A semester in retrospect
As my third-to-last semester at Georgia Tech starts to wrap up, I’m left with some time to myself to reflect on what I’ve done over the last few months.
This semester, I took 16 credit-hours of upper level classes and worked 20 hours part-time a week at my internship with GE Digital. Since September, I’ve been in a 24-hour cycle of wake up, go to class, go to work, go to class, go to sleep. The weekends consisted of 1. catching up on sleep and 2. catching up on homework. So, with few exceptions, it’s been non-stop work for me. I’m young, I can take it.
The benefit to this sort of lifestyle is that my skills were constantly being expanded every day. I’d go to class, learn something new. Go to work, learn something new. But the downside is that I only was able to learn the things presented to me in class or assigned to me at work. I had no time for personal improvement, no time to start new personal projects.
I’m used to having spare time to explore my interests. This is how I got into computer science in the first time - in my spare time in grade school, I’d be reading books about Active Server Pages (yuck) and HTML4, planning out code on notebook paper, and waiting for my fleeting moments where my parents would allow me on the computer to learn even more on the Internet. I’ve been doing variations of that for the last ten years of my life. Now that I don’t have the ability to choose what I’m learning, I found it difficult to focus on the same things, day in and day out, for 18 weeks straight.
Dealing With (or Running From) Burn-Out
burn-out (noun): physical or mental collapse caused by overwork or stress
I had a naive thought early into the semester. On August 31st, I said to myself, “I’m taking 16 credit hours this semester and I’m already feeling stressed out but I think after a couple of weeks I’ll be reacclimated to it.”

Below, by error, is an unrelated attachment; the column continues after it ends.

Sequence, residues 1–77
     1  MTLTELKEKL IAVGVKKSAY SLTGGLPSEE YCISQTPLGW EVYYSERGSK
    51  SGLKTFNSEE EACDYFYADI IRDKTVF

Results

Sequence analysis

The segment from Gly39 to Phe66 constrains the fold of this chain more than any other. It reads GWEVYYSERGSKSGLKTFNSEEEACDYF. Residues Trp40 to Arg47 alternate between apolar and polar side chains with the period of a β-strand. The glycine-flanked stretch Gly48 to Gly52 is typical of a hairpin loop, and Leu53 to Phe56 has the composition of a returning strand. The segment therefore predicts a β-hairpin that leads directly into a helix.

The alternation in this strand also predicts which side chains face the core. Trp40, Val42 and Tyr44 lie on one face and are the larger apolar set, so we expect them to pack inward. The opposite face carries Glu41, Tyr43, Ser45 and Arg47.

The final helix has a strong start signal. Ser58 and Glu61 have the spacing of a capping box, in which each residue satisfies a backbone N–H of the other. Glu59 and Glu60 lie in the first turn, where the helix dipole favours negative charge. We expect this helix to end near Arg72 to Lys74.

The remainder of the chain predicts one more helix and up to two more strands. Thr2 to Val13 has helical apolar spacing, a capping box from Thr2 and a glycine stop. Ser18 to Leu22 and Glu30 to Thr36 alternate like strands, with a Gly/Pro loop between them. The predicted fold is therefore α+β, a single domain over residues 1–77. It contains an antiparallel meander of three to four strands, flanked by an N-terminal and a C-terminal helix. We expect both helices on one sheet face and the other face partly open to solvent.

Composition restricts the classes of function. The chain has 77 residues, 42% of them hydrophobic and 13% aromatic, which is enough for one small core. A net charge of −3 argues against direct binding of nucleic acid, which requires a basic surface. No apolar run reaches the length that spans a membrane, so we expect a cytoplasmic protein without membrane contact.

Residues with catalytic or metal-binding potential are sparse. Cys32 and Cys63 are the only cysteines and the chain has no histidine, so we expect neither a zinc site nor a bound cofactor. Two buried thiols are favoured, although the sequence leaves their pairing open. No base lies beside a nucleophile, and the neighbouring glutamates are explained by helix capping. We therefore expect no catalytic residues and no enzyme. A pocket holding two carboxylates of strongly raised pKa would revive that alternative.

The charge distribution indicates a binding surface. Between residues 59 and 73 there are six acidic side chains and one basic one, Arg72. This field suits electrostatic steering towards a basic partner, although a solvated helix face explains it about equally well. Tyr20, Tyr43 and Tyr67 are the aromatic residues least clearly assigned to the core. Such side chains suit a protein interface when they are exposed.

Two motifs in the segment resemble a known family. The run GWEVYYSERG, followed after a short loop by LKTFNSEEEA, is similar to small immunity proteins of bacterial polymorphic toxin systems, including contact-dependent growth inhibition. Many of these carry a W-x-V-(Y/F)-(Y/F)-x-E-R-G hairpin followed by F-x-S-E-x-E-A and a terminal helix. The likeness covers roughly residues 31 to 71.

I then proceeded to have the same thought about halfway through every week - “Okay, this is stressful, but it should be over after this week!”
Turns out I was tricking myself every week, which lead to decreased motivation and burn-out as the semester wore on. It wasn’t useful to tell myself that I’d have no work left over and over again. I ended up being even more stressed because I kept having to deal with the disappointment of not being “done” with my work.
I guess the lesson I learned is that you should never look forward to being “done” because the work in life is never-ending. Instead of working like a dog every day in the pursuit of being “done”, I should have set reasonable goals for myself and allowed myself some small breaks between objectives. That would have been much less stressful.
This semester has convinced me that I need to put more work into planning my life. Just taking things as they come led to a stressful stretch of life for the last few months.
My current internship ended this November so now I am on the hunt for a new one. In the mean time, I have started a small Bitcoin consulting company with some friends from Georgia State. It’s called BitCraft and we’re actively pursuing some clients already. Now that I’m freed up from GE, I can devote time to this.
I’ll still be taking 16 credit hours at Georgia Tech; however, I don’t think that they will be as stressful as the 16 hours I took this semester. I’m hoping this will allow me to focus more while also being less stressed out.
In the end, this was a long, educational semester. The end is in sight. And I mean it, for real this time…
“Okay, this is stressful, but it should be over after this week!”